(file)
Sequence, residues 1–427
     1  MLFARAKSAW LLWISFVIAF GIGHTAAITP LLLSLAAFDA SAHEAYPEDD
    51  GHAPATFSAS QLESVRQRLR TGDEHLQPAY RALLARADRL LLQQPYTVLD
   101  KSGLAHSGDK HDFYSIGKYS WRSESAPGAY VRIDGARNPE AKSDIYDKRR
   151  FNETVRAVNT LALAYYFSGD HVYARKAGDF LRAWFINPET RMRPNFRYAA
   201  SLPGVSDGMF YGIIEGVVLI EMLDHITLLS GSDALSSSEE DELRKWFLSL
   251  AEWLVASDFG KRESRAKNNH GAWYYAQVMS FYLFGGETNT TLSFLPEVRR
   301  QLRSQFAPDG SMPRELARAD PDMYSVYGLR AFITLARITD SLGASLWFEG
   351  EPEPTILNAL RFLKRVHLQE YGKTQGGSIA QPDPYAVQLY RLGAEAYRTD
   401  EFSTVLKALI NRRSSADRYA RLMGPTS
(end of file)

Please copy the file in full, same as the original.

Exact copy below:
Sequence, residues 1–427
     1  MLFARAKSAW LLWISFVIAF GIGHTAAITP LLLSLAAFDA SAHEAYPEDD
    51  GHAPATFSAS QLESVRQRLR TGDEHLQPAY RALLARADRL LLQQPYTVLD
   101  KSGLAHSGDK HDFYSIGKYS WRSESAPGAY VRIDGARNPE AKSDIYDKRR
   151  FNETVRAVNT LALAYYFSGD HVYARKAGDF LRAWFINPET RMRPNFRYAA
   201  SLPGVSDGMF YGIIEGVVLI EMLDHITLLS GSDALSSSEE DELRKWFLSL
   251  AEWLVASDFG KRESRAKNNH GAWYYAQVMS FYLFGGETNT TLSFLPEVRR
   301  QLRSQFAPDG SMPRELARAD PDMYSVYGLR AFITLARITD SLGASLWFEG
   351  EPEPTILNAL RFLKRVHLQE YGKTQGGSIA QPDPYAVQLY RLGAEAYRTD
   401  EFSTVLKALI NRRSSADRYA RLMGPTS